Beatty, the president of Stylemakers, Inc., said her salon has gone to disposable pedicure units to increase staph prevention measures following the February 2006 death of a woman who was infected by MRSA – an infection directly related to a visit to Angels Nails in Fort Worth.

“The disadvantage is (disposable units) don’t get that sudden, great hot-water feeling,” Beatty said, “but then you don’t have to worry about losing your life to a staph infection either. Kind of like when you have sex with someone, you have sex with everyone they’ve ever had sex with.”

Beatty said it takes time and effort to maintain a high level of staph prevention.

“Proper solution is very expensive,” Beatty said. “It has to be replaced every day. A lot of places don’t do that. They’ll leave that stuff in there all week long.”

Salons that still use the plum units, Beatty said, are supposed to be cleaned thoroughly for about 15 minutes through drainage, rinsing and solution application – a practice that a lot of salons do not tend to follow.

“Here’s what happens: One person gets out, they drain it, they fill it and the next person gets in,” Beatty said. “They just don’t do it. It takes too much time. You’re talking about 15 minutes of downtime in between pedicures that most of these places that are charging $20 per pedicure.

“They don’t have time,” Beatty said. “It makes their chair unusable for about 15 to 20 minutes.”

Beatty emphasized that MRSA has become an unavoidable part of today’s society.

“Staph is everywhere,” Beatty said. “It’s all over the place. It’s at the bank; it’s in the restroom; it’s on your purse; on every door you touch. The problem is, if you have a susceptibility to it, then it’s going to affect you.”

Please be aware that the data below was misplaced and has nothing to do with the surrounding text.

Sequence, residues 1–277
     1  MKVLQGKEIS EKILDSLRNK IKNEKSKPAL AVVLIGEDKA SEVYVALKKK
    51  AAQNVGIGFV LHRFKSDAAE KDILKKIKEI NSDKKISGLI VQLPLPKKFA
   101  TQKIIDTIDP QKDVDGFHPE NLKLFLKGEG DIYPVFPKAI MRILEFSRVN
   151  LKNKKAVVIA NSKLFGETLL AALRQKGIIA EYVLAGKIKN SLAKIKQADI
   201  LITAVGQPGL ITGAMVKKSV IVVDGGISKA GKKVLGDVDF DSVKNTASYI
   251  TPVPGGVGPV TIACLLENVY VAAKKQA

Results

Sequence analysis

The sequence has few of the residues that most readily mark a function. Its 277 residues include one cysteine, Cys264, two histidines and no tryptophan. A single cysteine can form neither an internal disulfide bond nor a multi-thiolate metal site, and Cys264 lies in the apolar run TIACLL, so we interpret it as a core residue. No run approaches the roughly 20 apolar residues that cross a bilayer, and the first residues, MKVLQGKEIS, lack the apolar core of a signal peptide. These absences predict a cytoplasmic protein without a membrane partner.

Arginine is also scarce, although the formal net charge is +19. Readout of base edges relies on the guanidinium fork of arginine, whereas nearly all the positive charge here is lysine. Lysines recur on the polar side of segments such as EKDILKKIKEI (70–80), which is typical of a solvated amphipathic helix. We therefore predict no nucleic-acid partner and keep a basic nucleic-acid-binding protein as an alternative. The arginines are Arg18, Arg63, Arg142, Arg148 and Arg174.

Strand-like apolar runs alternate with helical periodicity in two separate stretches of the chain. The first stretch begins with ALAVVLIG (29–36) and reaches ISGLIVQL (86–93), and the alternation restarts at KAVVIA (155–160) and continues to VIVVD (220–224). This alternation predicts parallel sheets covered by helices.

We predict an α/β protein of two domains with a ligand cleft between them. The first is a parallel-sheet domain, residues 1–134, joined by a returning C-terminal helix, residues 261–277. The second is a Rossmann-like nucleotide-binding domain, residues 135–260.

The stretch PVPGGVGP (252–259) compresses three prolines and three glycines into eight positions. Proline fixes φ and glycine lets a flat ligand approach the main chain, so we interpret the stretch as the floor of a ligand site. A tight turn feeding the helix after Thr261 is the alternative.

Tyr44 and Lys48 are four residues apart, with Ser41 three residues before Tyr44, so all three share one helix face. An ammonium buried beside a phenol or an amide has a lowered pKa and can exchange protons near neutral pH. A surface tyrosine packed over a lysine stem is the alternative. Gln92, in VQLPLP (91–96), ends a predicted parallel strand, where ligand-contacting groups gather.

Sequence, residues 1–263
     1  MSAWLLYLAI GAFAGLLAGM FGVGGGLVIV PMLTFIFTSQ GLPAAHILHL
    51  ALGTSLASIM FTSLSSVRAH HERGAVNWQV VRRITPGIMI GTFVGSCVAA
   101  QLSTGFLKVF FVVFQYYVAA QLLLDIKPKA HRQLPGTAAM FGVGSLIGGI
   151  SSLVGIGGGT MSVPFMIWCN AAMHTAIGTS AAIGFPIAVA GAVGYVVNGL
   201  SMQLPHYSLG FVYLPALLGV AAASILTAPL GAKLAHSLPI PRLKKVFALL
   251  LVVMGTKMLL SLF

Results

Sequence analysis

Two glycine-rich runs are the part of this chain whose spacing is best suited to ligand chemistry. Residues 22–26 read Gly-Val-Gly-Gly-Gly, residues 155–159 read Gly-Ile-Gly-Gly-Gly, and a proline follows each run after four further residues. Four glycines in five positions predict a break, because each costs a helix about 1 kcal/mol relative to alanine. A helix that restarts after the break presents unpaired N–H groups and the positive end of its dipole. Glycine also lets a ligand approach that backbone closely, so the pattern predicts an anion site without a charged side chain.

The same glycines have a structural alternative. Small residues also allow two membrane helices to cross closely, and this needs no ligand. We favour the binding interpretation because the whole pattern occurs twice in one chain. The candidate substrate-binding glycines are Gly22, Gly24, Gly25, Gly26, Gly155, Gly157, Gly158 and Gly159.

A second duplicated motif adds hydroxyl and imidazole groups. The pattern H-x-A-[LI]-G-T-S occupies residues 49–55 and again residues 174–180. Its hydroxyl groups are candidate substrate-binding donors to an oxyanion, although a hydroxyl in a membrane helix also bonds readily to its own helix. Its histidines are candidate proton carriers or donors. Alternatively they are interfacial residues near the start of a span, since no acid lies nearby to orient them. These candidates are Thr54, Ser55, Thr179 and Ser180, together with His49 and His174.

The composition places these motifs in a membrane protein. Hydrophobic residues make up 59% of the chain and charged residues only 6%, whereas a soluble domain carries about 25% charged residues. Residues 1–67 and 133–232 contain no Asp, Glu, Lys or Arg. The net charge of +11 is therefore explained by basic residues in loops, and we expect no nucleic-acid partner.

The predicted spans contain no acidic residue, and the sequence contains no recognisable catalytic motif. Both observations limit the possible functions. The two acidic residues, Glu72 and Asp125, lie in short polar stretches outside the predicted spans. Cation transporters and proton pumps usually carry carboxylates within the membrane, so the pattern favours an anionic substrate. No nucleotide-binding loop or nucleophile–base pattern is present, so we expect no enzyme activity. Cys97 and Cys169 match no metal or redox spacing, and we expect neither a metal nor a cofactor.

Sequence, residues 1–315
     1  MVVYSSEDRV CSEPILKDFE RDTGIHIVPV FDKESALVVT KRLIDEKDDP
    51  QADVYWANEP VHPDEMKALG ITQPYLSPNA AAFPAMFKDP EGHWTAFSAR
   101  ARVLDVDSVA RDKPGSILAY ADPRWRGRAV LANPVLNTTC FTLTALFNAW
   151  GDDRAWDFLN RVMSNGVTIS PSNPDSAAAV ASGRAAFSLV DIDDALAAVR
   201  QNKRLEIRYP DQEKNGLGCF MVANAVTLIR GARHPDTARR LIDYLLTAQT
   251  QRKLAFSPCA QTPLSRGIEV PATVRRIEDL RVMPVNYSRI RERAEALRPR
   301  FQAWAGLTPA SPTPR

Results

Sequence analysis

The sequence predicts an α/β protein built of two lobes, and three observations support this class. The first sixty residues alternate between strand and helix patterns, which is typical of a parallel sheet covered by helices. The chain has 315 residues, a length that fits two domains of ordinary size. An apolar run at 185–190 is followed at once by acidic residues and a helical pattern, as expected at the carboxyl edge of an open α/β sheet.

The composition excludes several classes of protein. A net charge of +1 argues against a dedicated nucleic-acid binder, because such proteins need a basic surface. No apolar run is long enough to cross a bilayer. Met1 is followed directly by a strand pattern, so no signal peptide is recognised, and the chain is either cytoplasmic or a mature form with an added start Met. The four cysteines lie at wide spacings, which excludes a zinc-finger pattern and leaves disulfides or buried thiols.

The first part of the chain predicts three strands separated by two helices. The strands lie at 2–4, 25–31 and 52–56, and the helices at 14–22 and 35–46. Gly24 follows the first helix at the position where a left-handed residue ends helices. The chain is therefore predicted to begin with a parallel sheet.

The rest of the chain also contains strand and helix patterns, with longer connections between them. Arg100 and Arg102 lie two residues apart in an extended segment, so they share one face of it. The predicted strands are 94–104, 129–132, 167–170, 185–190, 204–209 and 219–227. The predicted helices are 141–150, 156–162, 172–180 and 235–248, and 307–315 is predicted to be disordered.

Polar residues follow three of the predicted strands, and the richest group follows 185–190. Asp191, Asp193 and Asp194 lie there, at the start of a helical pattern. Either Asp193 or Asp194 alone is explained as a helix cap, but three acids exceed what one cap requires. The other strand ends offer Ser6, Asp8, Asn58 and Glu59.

To Prescribe or Not To Prescribe

Even if patients insist on wanting to use antibiotics against common bacteria, Rae said, doctors such as her must present the cons of prescribing antibiotics to patients who may not need them.

“The more antibiotics we prescribe, the more likely bacteria will become resistant to the ones that we know what work,” Rae said. “If doctors and healthcare providers aren’t worried about it, they need to be.”

People such as Borum think the dependence on antibiotics has become a little much.

“We’ve used antibiotics too much,” Borum said. “I think it is the responsibility of the doctors in being judicious when prescribing antibiotics.”

When deciding when to prescribe antibiotics, the responsibility lies on both doctors and patients to be aware of when the situation calls for it, Rae said.

Until researchers keep perfecting drugs to solve the “superbug” mystery, the growing danger that these bugs can mutate and spawn off into a stronger infection remains “a tragedy,” Borum said.

“We cannot develop drugs quickly,” Borum said. “It takes years. By the time we may have a drug to treat one mutation, it has gone on to mutate into another form so we’re always behind the eight-ball on that.